Carol Lewis West
FAU Works to Extract Sound and Digitally Restore Images from Phonograph Records Flooded during Hurricane Sandy
BOCA RATON, Fla. (June 21, 2013) ─ Florida Atlantic University’s Recorded Sound Archives (RSA) hopes to digitize sound and restore images from 786 vintage kiddie records that were flooded in October 2012 following Hurricane Sandy. The records, produced between 1920 and 1958, were in a Long Island storage facility owned by Peter Muldavin, the world’s leading expert on American vintage children’s records, when the storm hit. Muldavin, also known as the Kiddie Rekord King, donated the water-damaged records to the RSA, which collects, organizes and protects access to digitized copies of vintage audio recordings at the Wimberly Library on FAU’s Boca Raton campus.
“Mr. Muldavin understood our unique qualifications in this area and presented us with both a challenge and an opportunity,” said Maxine Schackman, the RSA’s director. “We are excited to be working with such rare and wonderful artifacts from the 20th century. I can’t wait to see the reaction when we are able to share our work online.”
The paper covers of many of the records feature beautiful artwork, story books and paper doll cut-outs that are being discarded because of mildew and mold. These are being preserved digitally and restored to original condition with the use of Adobe Photoshop. Some of the records are warped and many are encrusted with mud and require hand washing. To help with the restoration, the RSA has purchased a vinyl record flattener, a device that slowly heats the recording between heavy metal plates.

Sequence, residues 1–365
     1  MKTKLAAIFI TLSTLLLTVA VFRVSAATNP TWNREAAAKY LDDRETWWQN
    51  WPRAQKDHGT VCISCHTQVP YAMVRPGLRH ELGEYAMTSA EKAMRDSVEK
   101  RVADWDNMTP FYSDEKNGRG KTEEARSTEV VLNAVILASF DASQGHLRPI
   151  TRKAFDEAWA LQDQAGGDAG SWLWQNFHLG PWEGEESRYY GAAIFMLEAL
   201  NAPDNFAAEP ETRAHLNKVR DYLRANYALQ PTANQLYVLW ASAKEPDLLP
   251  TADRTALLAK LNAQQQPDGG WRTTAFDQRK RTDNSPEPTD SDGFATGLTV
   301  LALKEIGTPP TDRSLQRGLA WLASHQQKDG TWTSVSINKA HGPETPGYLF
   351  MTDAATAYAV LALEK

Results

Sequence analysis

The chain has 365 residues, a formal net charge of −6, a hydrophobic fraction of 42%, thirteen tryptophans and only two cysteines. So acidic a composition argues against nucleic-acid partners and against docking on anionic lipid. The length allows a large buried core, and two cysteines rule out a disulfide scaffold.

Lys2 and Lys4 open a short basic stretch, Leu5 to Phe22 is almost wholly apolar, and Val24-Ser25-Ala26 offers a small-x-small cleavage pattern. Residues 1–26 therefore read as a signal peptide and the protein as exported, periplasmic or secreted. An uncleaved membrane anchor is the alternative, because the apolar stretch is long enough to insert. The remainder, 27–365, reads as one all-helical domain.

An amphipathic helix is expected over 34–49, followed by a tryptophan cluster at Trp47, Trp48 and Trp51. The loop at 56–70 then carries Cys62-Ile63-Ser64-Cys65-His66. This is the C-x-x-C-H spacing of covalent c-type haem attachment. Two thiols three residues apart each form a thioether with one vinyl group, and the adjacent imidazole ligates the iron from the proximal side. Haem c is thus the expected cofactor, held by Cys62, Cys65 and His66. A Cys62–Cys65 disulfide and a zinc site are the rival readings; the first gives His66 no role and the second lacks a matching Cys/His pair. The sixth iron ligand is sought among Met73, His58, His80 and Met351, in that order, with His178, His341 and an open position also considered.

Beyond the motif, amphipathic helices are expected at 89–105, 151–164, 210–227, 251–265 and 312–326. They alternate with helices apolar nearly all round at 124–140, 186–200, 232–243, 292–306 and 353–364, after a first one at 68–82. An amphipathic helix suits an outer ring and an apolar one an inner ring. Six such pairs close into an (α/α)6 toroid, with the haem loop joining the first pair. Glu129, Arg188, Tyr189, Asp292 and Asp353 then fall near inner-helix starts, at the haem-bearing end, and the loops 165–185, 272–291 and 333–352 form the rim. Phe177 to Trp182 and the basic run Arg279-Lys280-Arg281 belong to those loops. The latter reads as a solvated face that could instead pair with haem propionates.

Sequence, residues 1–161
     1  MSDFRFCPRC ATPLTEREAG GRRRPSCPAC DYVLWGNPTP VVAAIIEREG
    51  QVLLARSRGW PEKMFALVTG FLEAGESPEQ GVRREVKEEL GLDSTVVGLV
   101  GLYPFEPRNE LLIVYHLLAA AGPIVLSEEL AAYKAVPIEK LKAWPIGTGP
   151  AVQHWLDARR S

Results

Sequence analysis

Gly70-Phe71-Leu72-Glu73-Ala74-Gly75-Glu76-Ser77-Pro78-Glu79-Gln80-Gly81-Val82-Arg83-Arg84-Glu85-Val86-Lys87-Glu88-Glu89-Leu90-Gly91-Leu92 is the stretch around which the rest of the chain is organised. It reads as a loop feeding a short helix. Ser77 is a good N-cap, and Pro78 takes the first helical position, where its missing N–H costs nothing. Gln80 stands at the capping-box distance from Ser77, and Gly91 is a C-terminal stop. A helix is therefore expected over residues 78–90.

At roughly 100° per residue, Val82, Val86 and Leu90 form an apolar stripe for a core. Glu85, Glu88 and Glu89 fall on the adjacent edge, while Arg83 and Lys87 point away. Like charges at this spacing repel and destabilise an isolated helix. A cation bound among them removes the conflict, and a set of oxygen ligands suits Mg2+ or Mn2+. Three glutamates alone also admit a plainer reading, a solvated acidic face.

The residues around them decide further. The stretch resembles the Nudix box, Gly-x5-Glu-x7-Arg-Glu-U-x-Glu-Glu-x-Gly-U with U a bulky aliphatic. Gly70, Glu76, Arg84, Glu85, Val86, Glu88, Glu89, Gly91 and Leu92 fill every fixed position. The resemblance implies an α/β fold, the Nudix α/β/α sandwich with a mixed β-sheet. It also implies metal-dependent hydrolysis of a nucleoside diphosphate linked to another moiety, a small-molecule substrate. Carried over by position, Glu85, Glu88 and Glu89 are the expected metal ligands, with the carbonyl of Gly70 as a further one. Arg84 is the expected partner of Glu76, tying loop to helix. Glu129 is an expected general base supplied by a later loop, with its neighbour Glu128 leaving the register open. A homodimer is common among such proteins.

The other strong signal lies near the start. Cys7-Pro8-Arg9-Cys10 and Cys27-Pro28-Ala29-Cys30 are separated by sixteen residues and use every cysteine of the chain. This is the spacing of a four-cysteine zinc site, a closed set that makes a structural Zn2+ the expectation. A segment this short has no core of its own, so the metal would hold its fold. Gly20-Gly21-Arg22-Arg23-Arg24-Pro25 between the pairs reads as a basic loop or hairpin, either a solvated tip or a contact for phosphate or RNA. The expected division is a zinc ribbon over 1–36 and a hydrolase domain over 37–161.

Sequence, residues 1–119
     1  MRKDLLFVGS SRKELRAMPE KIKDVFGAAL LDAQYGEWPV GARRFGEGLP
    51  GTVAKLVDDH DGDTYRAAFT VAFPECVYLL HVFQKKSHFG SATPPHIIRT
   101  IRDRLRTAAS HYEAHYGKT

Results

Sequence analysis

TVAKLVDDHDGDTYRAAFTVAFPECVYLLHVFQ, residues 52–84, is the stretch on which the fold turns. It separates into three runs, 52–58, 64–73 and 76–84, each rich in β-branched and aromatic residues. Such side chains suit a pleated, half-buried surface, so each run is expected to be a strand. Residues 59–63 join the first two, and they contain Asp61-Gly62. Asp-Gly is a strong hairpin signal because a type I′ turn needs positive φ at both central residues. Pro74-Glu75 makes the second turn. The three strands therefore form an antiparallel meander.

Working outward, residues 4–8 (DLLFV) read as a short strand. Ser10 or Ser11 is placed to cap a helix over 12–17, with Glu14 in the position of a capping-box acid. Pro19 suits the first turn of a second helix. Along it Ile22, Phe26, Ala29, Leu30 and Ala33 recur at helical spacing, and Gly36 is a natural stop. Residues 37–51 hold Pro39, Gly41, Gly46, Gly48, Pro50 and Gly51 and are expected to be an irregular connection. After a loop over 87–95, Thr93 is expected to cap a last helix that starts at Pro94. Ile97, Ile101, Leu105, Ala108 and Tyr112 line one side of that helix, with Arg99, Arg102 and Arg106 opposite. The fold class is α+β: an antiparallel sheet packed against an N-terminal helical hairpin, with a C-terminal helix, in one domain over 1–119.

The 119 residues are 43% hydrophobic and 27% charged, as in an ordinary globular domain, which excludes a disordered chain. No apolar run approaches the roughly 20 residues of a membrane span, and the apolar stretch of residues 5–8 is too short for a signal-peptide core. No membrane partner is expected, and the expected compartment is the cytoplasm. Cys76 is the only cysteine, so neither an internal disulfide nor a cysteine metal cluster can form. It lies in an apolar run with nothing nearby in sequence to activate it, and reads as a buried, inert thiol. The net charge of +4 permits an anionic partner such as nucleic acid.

This is the most extensive restoration for the RSA, which has been restoring phonograph recordings for more than a decade. Some of the digital images and music files from the records are expected to be available through RSA’s password-protected Research Station by January 2014.
For more information, contact Maxine Schackman at 561-297-2207 or email@example.com.
-FAU-Florida Atlantic University, established in 1961, officially opened its doors in 1964 as the fifth public university in Florida. Today, the University, with an annual economic impact of $6.3 billion, serves more than 30,000 undergraduate and graduate students at sites throughout its six-county service region in southeast Florida. FAU’s world-class teaching and research faculty serves students through 10 colleges: the Dorothy F. Schmidt College of Arts and Letters, the College of Business, the College for Design and Social Inquiry, the College of Education, the College of Engineering and Computer Science, the Graduate College, the Harriet L. Wilkes Honors College, the Charles E. Schmidt College of Medicine, the Christine E. Lynn College of Nursing and the Charles E. Schmidt College of Science. FAU is ranked as a High Research Activity institution by the Carnegie Foundation for the Advancement of Teaching. The University is placing special focus on the rapid development of three signature themes – marine and coastal issues, biotechnology and contemporary societal challenges – which provide opportunities for faculty and students to build upon FAU’s existing strengths in research and scholarship. For more information, visit www.fau.edu.